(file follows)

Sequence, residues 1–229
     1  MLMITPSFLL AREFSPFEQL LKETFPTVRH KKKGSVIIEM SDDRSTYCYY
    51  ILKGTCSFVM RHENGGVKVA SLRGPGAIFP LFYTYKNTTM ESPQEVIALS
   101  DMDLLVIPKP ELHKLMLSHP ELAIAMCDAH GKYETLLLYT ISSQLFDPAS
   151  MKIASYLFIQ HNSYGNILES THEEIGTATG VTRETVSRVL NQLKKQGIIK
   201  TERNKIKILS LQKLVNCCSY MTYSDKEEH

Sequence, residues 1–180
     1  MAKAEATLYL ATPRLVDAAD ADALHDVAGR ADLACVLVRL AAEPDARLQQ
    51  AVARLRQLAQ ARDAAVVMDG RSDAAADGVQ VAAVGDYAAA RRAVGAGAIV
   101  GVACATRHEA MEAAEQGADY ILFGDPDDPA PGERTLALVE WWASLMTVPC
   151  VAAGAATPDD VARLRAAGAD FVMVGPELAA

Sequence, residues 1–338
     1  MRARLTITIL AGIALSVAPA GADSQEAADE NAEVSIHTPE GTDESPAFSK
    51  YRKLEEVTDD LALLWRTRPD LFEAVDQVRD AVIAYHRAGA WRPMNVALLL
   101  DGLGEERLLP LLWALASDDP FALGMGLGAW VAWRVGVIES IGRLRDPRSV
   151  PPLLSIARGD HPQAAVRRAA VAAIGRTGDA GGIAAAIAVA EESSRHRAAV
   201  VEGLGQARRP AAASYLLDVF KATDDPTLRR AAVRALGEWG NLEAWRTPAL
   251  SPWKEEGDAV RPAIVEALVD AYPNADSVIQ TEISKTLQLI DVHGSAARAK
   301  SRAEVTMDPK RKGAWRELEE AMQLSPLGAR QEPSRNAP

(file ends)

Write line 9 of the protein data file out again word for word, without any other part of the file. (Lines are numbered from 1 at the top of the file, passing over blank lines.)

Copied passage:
    51  AVARLRQLAQ ARDAAVVMDG RSDAAADGVQ VAAVGDYAAA RRAVGAGAIV